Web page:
Senator FIELDING —Many submitters have argued that the siting of wind farms is too close to residential areas or people living close by. What is in the guidelines about the minimum setback and distance in regard to being near a wind turbine?

Mr Bailey —Mr Tonna may be able to add some more detail to this. The guidelines take a risk based approach, which specifically acknowledges that different wind farms will have different considerations in regard to se backs. It depends upon topology and city versus rural. There is no mandatory national standard on setbacks.

Mr Tonna —Just to reinforce that, the guidelines recognise that different layouts of wind farms would have different degrees of impact and also different wind turbine or blade technologies might have different impacts at different distances. The guidelines take the risk approach that the impacts should be measured and then decisions made.

Senator FIELDING —Has the department done any work in this area? For example, if there was a minimum setback of, say, five kilometres on a wind turbine from any residents living nearby, what impact would that have on the size of the market for wind energy in Australia?

Mr Bailey —I do not think that is a matter that we have looked at.

Senator FIELDING —That is an important consideration. The concern that I have is that there is a lot of momentum behind wind energy. I am not going into whether the renewable energy targets are right or wrong, but it is obviously quite a sizeable business and there are good incentives to go down that market. It is going to be an even bigger business. I am worried that there is not enough being done in regard to looking at minimum setbacks. I am interested to know if you had minimum setbacks of, say, five kilometres—some may argue less, but say it was that level—what impact would that have on the market of being able to put wind turbines in? I am interested to know what it will do.

Mr Bailey —Arguing from first principles, the bigger any setback the more difficult it will be to find wind sites that comply with that.

Senator FIELDING —I can well imagine that the industry will be fighting against those minimum setbacks.

Mr Bailey —I do not know the view of industry on that. I would come back, though, to the way the guidelines were set. This issue was looked at quite closely and in the consultation document that preceded the guidelines the view was taken that state approval and assessment processes were working well. That would lead us to take the default view, which is reflected in the guidelines, that the issue of setback should be judged on a site-by-site basis, because it will depend upon some quite specific factors that Mr Tonna mentioned.

Senator FIELDING —Has the department been in touch with residents who live in close proximity to wind farms?

Mr Bailey —We have not proactively done that. We would regard that as an issue for the states because they have the responsibility for the relevant planning processes. We have received a small amount of correspondence on the matter, but that is it.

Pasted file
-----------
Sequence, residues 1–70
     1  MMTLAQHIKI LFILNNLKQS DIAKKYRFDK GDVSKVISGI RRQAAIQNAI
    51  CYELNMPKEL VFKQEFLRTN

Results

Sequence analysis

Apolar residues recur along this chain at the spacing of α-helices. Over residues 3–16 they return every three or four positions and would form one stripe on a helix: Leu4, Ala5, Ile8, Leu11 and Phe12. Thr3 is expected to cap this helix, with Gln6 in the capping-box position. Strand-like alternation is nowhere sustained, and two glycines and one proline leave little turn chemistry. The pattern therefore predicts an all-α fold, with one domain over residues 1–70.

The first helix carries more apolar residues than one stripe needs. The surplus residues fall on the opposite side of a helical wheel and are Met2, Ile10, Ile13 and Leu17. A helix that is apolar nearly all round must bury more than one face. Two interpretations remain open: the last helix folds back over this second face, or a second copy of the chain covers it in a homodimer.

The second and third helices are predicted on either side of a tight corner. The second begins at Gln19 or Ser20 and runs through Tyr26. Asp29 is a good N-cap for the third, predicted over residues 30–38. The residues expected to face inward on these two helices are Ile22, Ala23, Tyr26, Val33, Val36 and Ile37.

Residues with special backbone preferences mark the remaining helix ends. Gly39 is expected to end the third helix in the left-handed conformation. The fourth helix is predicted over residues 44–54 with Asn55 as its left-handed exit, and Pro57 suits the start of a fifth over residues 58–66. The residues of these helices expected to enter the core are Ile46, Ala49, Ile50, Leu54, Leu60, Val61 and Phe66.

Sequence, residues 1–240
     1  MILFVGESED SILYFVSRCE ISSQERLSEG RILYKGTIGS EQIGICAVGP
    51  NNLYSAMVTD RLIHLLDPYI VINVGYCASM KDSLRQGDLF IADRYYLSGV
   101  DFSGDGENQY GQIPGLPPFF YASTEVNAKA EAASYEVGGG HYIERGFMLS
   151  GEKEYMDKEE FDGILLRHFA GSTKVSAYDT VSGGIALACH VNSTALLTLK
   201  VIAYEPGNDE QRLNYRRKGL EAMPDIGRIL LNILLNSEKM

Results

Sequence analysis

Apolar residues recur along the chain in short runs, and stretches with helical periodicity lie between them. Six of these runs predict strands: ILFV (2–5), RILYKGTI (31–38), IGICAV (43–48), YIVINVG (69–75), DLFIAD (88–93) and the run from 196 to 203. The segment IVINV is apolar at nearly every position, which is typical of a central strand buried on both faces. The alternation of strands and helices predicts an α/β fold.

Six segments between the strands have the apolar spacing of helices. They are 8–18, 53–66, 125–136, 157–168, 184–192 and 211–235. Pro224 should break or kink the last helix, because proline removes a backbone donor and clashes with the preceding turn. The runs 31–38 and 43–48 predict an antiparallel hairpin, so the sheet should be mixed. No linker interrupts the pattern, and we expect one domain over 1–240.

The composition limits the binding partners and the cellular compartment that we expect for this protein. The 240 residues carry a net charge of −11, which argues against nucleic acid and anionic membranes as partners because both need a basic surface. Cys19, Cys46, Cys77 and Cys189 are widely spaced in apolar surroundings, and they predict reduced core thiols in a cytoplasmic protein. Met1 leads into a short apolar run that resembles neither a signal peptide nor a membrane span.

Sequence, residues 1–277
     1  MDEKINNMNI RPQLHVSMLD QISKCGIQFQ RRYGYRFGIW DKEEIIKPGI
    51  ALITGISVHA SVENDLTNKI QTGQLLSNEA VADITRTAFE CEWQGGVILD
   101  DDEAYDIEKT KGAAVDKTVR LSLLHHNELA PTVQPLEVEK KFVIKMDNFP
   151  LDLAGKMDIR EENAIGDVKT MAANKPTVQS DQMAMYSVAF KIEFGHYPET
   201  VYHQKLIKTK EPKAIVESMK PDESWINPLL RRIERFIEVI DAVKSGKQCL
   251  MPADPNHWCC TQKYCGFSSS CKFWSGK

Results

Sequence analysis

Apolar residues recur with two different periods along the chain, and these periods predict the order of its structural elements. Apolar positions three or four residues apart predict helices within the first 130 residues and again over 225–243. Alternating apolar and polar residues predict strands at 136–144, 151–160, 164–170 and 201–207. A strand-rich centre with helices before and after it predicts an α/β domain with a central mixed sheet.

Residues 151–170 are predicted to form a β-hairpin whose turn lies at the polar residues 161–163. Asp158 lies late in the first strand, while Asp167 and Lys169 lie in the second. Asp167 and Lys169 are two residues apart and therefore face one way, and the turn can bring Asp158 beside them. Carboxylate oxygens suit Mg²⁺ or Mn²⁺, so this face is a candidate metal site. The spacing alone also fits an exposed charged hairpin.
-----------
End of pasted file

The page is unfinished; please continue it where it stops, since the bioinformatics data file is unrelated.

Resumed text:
Senator FIELDING —What have you done with that correspondence?

Mr Bailey —We would have replied to them. The figure that I have in my head is that in 2010 we received nine letters across the whole year relating to wind farm health effects. Other departments may have received correspondence, but I am not aware of that.

Senator FIELDING —Thank you.

CHAIR —Senator Adams, do you have any questions?

Senator ADAMS —Yes, I do. I would like to ask a question about the cost of wind farm development. You said earlier that it was one of the cheaper means of renewable energy. Are there any government subsidies available to wind farm developers?

Mr Bailey —Yes, there are. That goes to the mechanism that was set up within the renewable energy target. Under the target, renewable energy’s generation is associated with the creation of a renewal energy certificate. One megawatt hour gives rise to one certificate and then those certificates can be sold. The subsidy for renewable energy is centred on the sale of those certificates. That is one side of it. The other part of the renewable energy target is that it places an obligation on individuals, and most importantly energy retailers, to be purchasing a certain amount of renewable energy. Retailers and people like AGL and others fulfil their obligation by purchasing certificates. It is a market based mechanism and the market sets the price.

Senator ADAMS —In comparison with, say, solar where does wind sit?

Mr Bailey —In what respect?

Senator ADAMS —As far as the renewable energy commodity and just the cost? I am trying to get an idea of the cost of wind versus other renewable energies.

Mr Bailey —I do not have an easy answer for that, because it turns out that it is a complex question. The way that we would think about this is: what is the cost of power that is being sold into the national energy market? You would really be best to go to the experts, such as the Australian Energy Market Operator, because they could give you that information. Power is generated and sold into the grid on quite short timeframes. As to the issue of cost, we can look at issues like that with the concept called the levelised cost, which is the cost of a megawatt taken over the life of a power infrastructure, such as a wind farm or a coal fired power station, and that gives you a sense of average costs. Based on those calculations we know that wind is more expensive than, say, coal but it is also one of the cheaper forms of renewable so it is certainly efficient in that category of renewable energies. The question on the actual cost of wind, as it is supplied into the national electricity market, would be better presented to the Australian Energy Market Operator, because they would have that data, more so than this department.

Senator CAROL BROWN —Are you aware of Australian research into health impacts?

Mr Bailey —Yes. I believe the National Health and Medical Research Council have done a study into the health issues associated with wind farms.

Senator CAROL BROWN —Are you aware of any other Australian research?